By Daniel Trotta
NEW YORK (Reuters) - Immigrant and refugee advocates on Wednesday denounced White House plans to temporarily stop receiving refugees and suspend visas for people from seven Middle Eastern and North African countries, saying they target Muslims and will make America less safe.
A draft executive order seen by Reuters that Trump is expected to sign in the coming days would block the entry of refugees from war-torn Syria and suspend the entry of any immigrants from Muslim-majority Middle Eastern and African countries Syria, Sudan, Somalia, Iraq, Iran, Libya and Yemen while permanent rules are studied.
Trump is also expected to order a multi-month ban on allowing refugees into the United States except for religious minorities escaping persecution, until more aggressive vetting is in place, said the aides and experts, who asked not to be identified.
The administration's aim is to head off Islamist violence in the United States, but critics say the measures soil America's reputation as a welcoming place for immigrants of all kinds.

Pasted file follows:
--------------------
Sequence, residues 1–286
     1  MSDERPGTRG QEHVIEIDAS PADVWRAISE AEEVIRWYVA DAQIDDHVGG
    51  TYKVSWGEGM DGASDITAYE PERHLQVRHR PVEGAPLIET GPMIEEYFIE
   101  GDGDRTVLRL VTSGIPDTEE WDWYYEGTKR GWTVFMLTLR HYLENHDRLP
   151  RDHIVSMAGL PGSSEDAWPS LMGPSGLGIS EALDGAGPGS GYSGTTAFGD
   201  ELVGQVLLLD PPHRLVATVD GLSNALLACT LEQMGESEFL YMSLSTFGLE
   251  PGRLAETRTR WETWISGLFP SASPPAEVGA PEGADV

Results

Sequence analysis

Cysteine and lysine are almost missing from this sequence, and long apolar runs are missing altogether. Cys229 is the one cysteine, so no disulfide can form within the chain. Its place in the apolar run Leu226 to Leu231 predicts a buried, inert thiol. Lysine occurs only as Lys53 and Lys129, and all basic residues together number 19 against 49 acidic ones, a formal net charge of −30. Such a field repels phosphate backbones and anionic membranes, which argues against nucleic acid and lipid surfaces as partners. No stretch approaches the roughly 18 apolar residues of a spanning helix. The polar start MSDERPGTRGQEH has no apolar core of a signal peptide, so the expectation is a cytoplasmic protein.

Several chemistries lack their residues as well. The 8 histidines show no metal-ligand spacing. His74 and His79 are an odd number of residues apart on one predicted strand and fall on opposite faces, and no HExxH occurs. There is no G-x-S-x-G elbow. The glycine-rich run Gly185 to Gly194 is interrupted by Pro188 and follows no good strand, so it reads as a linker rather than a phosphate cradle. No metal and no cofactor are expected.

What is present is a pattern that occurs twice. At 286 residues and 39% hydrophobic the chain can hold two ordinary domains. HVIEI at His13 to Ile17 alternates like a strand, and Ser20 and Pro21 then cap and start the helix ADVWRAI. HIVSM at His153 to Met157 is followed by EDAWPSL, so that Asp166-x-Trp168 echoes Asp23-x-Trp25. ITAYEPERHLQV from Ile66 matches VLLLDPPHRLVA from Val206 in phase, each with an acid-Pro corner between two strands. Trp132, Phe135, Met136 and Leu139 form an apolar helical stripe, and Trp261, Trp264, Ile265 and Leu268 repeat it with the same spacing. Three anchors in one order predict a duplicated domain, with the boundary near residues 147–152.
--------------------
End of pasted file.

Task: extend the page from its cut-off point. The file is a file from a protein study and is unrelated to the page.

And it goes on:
"The president needs to know he's an absolute fool for fostering this kind of hostility in his first few days. This will inflame violence against Americans around the world," said Seth Kaper-Dale, a pastor at the Reformed Church of Highland Park, New Jersey, which he said helped resettle 28 refugee and asylum-seeking families in the state last year.
Before his Nov. 8 election victory, Trump, a Republican, pledged to stop taking refugees from Syria and immigrants from countries deemed to pose a terrorism risk.
"Muslims, we believe, are the sole targets of these orders," said Nihad Awad, executive director of the Council on American-Islamic Relations, a Muslim civil rights group.
"These orders are a disturbing confirmation of Islamophobic and un-American policy proposals made during the presidential election campaign," Awad told a news conference in Washington.
During the campaign, Trump originally proposed a ban on all Muslims entering the country, a measure that almost certainly would have faced legal challenges for discrimination on the basis of religion. He later altered his stance to target countries known to be sources of terrorism.
About 100 protesters gathered in New York City's Washington Square Park chanting, "Say it loud, say it clear, refugees are here to stay." They also blasted the Trump administration as "too male, too pale and too stale."
"We reject policies that turn their backs on those who have suffered," U.S. Representative Nydia Velazquez, a New York City Democrat, shouted to protesters.
(Additional reporting by Julia Edwards Ainsley in Washington and Gina Cherelus and Jonathan Allen in New York; Editing by Peter Cooney and Alan Crosby)